Frequently Asked Questions
What is Capsule Endoscopy?
Capsule Endoscopy (CE) lets your physician examine the lining of the middle part of your gastrointestinal tract, which includes the three portions of the small intestine (duodenum, jejunum, ileum). Your physician will use a pill size video capsule called an endoscope, which has its own lens and light source and will view the images on a video monitor. You might hear your physician or medical staff refer to capsule endoscopy as small bowel endoscopy, capsule endoscopy, or wireless endoscopy.
Why is Capsule Endoscopy Done?
CE helps your doctor evaluate the small intestine. This part of the bowel cannot be reached by traditional upper endoscopy or by colonoscopy. The most common reason for doing capsule endoscopy is to search for a cause of bleeding from the small intestine. It may also be useful for detecting polyps, inflammatory bowel disease (Crohn’s disease), ulcers, and tumors of the small intestine.
As is the case with most diagnostic procedures, not all insurance companies are currently reimbursing for this procedure. You may need to check with your own insurance company to ensure that this is a covered benefit.
How Should I Prepare for the Procedure?
An empty stomach allows for the best and safest examination, your physician will provide you with a comprehensive prep for the procedure.
Make sure you inform your physician about any medications you take including iron, aspirin, bismuth subsalicylate products and other “over the counter” medications. You might need to adjust your usual dose prior to the examination.
Discuss any allergies to medications as well as medical conditions, such as swallowing disorders and heart or lung disease.
Tell your physician if you have had previous abdominal surgery or history of bowel obstruction, inflammatory bowel disease or adhesions.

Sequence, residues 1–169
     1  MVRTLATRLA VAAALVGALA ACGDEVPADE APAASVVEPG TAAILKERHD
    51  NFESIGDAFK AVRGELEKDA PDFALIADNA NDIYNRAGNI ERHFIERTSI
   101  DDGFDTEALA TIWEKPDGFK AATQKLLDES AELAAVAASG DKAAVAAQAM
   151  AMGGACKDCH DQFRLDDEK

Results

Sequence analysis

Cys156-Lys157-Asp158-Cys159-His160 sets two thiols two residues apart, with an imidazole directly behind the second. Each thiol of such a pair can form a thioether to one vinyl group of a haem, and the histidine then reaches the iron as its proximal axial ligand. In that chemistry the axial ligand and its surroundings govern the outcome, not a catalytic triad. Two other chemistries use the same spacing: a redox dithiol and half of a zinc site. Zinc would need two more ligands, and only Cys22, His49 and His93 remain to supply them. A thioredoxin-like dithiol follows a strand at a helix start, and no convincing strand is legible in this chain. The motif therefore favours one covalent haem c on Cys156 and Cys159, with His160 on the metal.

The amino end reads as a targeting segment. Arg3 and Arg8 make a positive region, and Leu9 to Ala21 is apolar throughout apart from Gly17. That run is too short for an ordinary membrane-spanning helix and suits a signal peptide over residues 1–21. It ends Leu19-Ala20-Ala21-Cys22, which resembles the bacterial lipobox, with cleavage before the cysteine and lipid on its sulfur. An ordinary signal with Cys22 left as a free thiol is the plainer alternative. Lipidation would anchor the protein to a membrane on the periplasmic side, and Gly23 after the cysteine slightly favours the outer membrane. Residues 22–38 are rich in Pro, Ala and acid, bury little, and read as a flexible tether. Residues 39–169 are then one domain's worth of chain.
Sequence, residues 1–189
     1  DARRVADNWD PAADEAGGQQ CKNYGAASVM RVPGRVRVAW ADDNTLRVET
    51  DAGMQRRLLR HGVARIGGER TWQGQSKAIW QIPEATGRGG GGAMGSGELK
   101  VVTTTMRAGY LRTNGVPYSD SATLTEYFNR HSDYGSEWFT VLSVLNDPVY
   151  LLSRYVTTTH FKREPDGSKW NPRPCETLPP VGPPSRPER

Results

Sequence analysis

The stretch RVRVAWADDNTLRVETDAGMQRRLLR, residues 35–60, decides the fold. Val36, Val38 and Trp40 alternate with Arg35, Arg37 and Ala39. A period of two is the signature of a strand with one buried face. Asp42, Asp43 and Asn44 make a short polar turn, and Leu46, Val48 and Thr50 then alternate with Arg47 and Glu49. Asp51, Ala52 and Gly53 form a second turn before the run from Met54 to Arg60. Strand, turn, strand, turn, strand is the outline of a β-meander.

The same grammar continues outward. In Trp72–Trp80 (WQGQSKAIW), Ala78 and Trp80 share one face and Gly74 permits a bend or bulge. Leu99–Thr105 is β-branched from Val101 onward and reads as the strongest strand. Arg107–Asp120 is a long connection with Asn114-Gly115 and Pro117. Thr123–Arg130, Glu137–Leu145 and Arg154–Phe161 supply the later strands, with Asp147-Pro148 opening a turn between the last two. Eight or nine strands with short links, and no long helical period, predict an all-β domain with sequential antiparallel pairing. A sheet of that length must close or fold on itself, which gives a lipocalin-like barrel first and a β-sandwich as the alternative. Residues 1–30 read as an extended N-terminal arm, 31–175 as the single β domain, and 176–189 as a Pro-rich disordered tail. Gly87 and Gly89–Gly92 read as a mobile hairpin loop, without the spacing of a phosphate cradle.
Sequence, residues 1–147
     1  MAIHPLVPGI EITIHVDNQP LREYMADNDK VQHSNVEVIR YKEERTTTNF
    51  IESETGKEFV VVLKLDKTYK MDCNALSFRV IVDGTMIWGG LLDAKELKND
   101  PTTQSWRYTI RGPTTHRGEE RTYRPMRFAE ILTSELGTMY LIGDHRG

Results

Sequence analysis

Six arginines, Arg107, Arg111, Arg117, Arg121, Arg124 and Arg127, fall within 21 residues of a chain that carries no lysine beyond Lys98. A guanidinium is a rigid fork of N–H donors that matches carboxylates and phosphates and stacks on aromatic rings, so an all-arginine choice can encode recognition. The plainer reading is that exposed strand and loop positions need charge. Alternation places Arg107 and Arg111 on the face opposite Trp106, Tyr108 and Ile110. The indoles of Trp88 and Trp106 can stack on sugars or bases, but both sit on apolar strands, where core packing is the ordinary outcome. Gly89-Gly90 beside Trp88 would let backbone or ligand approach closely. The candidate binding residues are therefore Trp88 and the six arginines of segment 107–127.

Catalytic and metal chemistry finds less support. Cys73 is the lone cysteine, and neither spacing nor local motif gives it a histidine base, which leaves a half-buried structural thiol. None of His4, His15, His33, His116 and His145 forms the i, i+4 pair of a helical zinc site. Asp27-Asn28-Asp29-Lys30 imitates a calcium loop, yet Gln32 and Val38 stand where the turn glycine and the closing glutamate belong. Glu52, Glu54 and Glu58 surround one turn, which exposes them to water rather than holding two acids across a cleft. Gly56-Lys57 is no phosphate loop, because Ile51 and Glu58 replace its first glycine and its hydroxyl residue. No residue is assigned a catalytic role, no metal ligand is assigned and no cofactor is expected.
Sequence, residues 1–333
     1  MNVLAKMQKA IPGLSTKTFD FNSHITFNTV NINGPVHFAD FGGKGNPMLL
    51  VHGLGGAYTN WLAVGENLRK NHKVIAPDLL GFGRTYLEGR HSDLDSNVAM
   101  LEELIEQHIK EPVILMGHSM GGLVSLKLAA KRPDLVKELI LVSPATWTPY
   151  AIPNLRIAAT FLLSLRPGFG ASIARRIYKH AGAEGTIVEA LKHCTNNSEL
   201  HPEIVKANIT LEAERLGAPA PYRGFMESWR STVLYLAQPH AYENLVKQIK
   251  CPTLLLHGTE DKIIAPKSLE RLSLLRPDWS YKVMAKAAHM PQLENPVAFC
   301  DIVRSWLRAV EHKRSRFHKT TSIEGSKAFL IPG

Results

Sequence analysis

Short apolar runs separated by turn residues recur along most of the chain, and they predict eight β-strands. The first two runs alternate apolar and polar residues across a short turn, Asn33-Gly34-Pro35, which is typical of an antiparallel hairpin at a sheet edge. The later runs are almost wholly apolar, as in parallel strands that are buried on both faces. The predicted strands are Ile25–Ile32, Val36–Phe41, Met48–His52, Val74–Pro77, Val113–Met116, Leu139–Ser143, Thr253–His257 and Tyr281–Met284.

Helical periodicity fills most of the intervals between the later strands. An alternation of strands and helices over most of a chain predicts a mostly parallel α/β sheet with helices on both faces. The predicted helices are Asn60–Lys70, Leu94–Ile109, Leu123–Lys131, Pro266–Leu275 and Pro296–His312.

What Can I Expect During the Procedure?
The CapsoCam is swallowed and passes naturally through your digestive tract. After the capsule passes through your digestive tract, you will collect the capsule using the designated retrieval kit that is provided to you at the prior office visit. This retrieval kit is then sent out via FedEx.
What are the Possible Complications?
Although complications can occur, they are rare when physicians who are specially trained and experienced in this procedure, such as members of the American Society for Gastrointestinal Endoscopy, perform the test.
Potential risks include complications from obstruction. This usually relates to a stricture of the intestine from inflammation, prior surgery, or tumor. It’s important to recognize early possible complications.
If you have evidence of obstruction, such as unusual bloating, pain and or vomiting, call your physician immediately. Also, if you develop a fever after the test, have trouble swallowing or experience increasing chest pain, tell your physician immediately.